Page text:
Monitoring the effect of pathogenic nematodes on locomotion of <i>Drosophila</i> larvae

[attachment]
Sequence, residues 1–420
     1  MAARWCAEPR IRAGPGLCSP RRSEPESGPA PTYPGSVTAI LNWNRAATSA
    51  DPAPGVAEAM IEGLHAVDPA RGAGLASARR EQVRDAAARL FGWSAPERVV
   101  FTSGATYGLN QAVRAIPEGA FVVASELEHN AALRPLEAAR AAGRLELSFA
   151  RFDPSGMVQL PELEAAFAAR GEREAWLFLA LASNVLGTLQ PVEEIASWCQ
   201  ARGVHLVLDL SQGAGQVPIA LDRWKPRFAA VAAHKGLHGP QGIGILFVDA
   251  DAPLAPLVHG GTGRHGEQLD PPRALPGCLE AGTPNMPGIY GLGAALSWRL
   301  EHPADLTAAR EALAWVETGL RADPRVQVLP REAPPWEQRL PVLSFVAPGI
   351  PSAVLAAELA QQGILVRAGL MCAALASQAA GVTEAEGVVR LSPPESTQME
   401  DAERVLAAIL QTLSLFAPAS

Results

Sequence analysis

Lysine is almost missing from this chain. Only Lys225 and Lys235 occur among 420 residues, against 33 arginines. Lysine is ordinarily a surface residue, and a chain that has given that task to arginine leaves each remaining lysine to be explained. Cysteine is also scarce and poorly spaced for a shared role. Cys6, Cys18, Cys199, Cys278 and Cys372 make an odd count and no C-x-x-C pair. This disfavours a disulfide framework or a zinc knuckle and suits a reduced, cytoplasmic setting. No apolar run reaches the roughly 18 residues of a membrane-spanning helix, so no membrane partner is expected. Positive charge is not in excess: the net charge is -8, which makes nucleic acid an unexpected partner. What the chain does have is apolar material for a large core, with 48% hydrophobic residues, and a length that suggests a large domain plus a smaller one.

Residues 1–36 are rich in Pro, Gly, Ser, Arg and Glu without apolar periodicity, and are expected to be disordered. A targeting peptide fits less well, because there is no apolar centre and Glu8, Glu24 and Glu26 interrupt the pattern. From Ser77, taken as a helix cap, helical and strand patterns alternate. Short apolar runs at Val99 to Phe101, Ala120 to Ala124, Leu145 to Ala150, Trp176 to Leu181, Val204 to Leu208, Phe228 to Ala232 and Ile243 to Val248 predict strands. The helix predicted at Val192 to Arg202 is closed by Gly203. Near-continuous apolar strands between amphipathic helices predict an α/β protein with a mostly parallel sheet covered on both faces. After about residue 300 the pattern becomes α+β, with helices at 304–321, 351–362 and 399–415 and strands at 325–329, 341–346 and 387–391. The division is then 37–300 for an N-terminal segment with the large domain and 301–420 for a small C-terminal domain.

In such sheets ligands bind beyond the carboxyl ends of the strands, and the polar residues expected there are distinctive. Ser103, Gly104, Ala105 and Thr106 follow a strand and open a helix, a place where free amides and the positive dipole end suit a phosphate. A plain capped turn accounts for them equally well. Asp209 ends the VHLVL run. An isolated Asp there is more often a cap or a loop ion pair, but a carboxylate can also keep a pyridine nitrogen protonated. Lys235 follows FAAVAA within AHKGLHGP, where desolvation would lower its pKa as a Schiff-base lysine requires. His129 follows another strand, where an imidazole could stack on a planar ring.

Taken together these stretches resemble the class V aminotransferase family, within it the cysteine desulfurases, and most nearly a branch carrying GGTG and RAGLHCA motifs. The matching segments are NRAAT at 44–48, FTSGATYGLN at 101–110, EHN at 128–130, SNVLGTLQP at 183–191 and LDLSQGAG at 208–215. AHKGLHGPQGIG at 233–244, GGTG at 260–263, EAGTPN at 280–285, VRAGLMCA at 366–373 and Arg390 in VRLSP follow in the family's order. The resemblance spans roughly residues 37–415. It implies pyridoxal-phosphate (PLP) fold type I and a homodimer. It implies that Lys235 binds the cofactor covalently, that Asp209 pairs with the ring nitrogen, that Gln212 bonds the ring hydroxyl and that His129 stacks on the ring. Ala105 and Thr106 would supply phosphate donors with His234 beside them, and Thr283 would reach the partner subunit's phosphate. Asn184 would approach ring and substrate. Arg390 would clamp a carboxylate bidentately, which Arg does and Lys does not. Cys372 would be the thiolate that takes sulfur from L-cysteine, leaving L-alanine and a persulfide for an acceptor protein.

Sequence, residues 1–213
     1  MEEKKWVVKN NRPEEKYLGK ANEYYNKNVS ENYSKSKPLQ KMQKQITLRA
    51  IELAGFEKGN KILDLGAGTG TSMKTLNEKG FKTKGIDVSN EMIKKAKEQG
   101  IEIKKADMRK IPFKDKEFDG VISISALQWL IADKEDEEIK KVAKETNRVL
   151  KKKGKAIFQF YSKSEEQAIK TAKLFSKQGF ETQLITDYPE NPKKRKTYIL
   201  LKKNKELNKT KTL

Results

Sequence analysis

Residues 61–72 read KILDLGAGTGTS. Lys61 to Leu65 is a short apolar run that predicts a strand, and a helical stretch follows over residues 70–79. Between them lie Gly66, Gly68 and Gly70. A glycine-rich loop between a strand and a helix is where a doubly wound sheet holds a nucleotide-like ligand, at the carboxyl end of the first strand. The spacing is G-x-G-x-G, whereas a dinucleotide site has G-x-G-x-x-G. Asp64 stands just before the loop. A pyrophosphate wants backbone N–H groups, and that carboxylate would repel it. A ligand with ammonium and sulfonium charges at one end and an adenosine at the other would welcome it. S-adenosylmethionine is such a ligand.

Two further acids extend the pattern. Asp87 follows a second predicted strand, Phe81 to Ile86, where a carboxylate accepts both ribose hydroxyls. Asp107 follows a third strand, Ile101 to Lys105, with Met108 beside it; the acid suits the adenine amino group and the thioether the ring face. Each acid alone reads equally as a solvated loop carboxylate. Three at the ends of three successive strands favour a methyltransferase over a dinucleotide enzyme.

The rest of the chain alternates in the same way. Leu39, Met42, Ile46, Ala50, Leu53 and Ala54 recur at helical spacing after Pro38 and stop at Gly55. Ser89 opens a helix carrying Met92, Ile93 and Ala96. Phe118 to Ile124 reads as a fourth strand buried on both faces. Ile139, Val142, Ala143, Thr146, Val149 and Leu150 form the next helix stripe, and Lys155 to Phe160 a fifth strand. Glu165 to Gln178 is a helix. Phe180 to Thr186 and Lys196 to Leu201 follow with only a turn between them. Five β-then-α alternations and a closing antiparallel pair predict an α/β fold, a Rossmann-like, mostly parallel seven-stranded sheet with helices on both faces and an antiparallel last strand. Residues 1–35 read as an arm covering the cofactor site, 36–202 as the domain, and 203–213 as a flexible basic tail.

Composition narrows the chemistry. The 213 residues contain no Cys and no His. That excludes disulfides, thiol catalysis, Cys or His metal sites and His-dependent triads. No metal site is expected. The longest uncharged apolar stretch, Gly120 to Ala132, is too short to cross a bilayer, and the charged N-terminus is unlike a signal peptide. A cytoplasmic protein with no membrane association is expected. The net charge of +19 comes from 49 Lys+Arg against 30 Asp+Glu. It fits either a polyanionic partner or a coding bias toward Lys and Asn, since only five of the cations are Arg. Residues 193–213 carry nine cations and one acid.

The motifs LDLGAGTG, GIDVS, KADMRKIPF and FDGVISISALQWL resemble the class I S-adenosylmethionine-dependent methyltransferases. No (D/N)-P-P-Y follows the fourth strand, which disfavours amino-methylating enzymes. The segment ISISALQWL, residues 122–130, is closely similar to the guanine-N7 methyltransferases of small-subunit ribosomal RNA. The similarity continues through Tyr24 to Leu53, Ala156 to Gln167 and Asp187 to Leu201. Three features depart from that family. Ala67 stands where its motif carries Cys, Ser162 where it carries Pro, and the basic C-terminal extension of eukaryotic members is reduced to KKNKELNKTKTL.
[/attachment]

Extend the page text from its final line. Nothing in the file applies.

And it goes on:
<p>One of the key factors that determine the interaction between hosts and their parasites is the frequency of their interactions, which depends on the locomotory behavior of both parts. To address host behavior we used natural infections involving insect pathogenic nematodes and <i>Drosophila melanogaster</i> larvae as hosts. Using a modified version of a recently described method (FIMTrack) to assess several parameters in larger sets of animals, we initially detected specific differences in larval food searching when comparing <i>Drosophila</i> strains. These differences were further influenced by the presence of nematodes. Given a choice, <i>Drosophila</i> larvae clearly avoided nematodes irrespective of their genetic background. Our newly developed methods will be useful to test candidate genes and pathways involved in host/pathogen interactions in general and to assess specific parameters of their interaction.</p>